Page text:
Florencia, awakened by the sounds of the jungle, learns from the Capitán that the butterfly hunter has disappeared into the jungle without a trace. Later, a tempestuous game of cards contrasts the growing affection between Rosalba and Arcadio and the escalating tension between Paula and Alvaro. A violent storm quickly develops, and the ship is carried helplessly in the rushing currents in a downpour of pink rain. Alvaro saves the boat from being crushed by tree trunks but is knocked overboard. With the Capitán unconscious, Riolobo appears in the guise of a river-spirit and implores the mercy of the gods of the river. Arcadio ably takes the helm but is unable to stop the forces of nature as the ship runs aground.

Act II

In the quiet after the storm, Florencia wonders whether she is alive or dead. Arcadio and Rosalba rejoice to find they have survived the storm, but, frightened by the intensity of their feelings for each other, vow not to fall in love and risk disillusionment. Paula laments the loss of Alvaro, recognizing that the wall between them was pride—not a lack of love. Riolobo once again calls upon the mystical and transformative powers of the Amazon. Suddenly Alvaro is returned to the boat, explaining that Paula’s voice called him back from the brink of death. On behalf of all the passengers, Florencia thanks him for saving their lives, and they resume their journey to Manaus.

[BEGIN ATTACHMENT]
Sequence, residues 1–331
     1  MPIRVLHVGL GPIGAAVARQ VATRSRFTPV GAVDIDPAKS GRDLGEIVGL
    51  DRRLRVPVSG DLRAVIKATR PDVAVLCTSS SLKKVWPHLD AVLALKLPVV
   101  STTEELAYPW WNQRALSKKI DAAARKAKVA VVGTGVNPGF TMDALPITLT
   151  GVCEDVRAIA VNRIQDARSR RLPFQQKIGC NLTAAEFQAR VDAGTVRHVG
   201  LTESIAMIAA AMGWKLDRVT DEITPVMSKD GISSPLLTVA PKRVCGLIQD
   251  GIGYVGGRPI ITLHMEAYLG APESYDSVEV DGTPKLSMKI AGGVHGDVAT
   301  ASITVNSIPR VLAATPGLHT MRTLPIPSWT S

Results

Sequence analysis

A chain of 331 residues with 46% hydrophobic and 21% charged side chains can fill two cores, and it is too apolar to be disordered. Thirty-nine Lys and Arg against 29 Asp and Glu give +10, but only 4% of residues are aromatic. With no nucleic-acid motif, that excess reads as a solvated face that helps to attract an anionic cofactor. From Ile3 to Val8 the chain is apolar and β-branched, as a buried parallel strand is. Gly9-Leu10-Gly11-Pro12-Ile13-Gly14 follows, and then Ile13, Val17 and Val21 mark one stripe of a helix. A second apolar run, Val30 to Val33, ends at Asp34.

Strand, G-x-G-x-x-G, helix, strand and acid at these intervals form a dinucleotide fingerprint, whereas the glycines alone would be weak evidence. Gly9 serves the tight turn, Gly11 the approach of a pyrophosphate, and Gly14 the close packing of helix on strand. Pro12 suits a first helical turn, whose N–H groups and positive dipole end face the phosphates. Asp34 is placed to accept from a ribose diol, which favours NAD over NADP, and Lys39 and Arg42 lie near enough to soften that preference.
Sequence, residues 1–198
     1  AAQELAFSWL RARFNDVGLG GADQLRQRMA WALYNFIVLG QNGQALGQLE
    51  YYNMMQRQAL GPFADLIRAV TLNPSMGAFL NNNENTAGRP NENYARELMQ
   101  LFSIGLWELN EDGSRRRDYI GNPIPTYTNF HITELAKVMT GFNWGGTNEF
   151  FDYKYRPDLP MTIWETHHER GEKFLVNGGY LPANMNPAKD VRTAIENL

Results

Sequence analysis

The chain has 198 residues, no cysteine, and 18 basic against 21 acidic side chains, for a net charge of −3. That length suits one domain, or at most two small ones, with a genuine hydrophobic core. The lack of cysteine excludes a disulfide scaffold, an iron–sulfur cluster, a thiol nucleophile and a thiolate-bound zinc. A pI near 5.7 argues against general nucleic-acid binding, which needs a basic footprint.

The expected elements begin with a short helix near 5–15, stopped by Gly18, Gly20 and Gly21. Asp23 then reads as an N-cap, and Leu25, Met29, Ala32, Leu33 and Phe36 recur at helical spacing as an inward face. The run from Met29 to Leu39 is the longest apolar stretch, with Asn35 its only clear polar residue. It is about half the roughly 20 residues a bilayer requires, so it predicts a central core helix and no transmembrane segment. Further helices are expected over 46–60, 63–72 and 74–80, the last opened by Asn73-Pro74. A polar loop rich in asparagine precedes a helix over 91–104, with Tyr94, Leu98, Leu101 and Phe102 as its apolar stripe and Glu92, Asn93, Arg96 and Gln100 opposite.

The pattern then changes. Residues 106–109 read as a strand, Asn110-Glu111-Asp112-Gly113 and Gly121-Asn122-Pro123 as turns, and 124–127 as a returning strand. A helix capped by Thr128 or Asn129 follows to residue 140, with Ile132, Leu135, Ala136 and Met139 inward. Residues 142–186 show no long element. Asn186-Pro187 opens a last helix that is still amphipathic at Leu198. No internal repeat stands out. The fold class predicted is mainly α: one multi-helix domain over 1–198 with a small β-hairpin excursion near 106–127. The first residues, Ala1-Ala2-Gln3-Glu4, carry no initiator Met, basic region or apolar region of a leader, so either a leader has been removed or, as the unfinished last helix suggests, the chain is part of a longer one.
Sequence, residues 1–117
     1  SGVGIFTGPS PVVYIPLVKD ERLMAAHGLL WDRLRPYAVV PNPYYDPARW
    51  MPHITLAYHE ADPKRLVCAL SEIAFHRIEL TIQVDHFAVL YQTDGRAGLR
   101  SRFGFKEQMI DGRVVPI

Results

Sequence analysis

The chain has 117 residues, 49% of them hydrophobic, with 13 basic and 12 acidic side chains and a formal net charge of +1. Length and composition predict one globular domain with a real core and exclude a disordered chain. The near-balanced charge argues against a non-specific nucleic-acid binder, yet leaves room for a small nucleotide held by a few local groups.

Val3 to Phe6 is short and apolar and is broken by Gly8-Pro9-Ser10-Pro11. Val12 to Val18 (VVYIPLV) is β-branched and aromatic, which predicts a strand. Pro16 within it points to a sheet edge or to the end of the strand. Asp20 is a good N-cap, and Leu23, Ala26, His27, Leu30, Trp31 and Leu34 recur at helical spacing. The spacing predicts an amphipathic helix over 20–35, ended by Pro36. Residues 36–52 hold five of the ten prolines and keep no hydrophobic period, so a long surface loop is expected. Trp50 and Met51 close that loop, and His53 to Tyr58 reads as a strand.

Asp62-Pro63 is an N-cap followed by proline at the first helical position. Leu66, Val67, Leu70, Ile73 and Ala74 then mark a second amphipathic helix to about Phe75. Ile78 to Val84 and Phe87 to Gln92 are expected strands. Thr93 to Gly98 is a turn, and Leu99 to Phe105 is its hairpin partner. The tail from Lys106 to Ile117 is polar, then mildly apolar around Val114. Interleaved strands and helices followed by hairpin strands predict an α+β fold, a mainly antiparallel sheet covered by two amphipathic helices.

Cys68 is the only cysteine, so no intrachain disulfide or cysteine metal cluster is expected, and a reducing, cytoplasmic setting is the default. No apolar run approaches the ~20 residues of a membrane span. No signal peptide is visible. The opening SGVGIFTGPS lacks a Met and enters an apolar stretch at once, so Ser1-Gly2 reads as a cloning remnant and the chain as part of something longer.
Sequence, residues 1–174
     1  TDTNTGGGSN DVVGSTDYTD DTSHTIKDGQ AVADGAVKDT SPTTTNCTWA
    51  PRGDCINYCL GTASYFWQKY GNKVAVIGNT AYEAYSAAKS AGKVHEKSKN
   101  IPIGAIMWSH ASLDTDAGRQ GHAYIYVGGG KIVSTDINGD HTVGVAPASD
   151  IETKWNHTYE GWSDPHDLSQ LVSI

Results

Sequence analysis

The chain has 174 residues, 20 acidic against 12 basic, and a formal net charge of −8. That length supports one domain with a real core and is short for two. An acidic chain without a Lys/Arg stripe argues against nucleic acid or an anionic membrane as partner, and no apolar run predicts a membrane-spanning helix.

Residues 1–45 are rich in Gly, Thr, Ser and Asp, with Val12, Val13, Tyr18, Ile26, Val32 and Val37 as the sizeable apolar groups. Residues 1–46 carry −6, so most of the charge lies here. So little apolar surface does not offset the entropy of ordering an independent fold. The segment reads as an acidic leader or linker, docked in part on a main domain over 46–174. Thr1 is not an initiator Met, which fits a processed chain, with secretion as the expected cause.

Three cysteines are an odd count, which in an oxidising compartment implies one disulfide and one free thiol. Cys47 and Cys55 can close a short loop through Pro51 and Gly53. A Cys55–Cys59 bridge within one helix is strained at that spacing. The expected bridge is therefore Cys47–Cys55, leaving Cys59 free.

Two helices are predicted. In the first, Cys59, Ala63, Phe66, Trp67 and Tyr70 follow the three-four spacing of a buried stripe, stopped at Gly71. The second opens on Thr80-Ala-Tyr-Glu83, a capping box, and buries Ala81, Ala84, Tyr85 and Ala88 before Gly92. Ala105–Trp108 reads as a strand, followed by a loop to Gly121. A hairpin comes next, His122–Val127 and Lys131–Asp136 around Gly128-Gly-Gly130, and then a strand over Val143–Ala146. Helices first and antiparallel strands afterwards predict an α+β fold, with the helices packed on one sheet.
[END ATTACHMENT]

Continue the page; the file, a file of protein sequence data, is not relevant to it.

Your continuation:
Rosalba finds her ruined notebook, which contained all her notes for the biography of Florencia. Rosalba is distraught by the loss of two years’ work, but Florencia tells her she has lost nothing irreplaceable. The two women begin to argue about the source of Grimaldi’s talents, and when Florencia passionately declares that the diva’s gift sprang from her love for a man, Rosalba suddenly realizes the woman standing before her is the opera singer herself.

With both pairs of lovers reconciled to their need for each other, the ship is about to reach Manaus when it is discovered that no one may disembark because of a cholera epidemic. In despair at being unable to fulfill her search Florencia’s spirit drifts toward Cristóbal in a mystical reunion.

—Courtesy of Houston Grand Opera

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“1900: Looking Back, Looking Forward” has great success

Once again, the partnership between Maestro Michael Recchiuti at the piano and the astoundingly beautiful soprano Elizabeth Blancke-Biggs brought a magnificent concert to the world. I say to the world because besides being performed at the National Opera Center of America in NYC, it was live streaming on Facebook and at the site

The choice of songs and arias was well balanced among Italian composers as Donaudy (of whom Ms. Blancke-Biggs also recorded a CD), Puccini and Pizzetti, followed by an interval, and German and Austrian composers, such as Schomberg, Mark, and Strauss.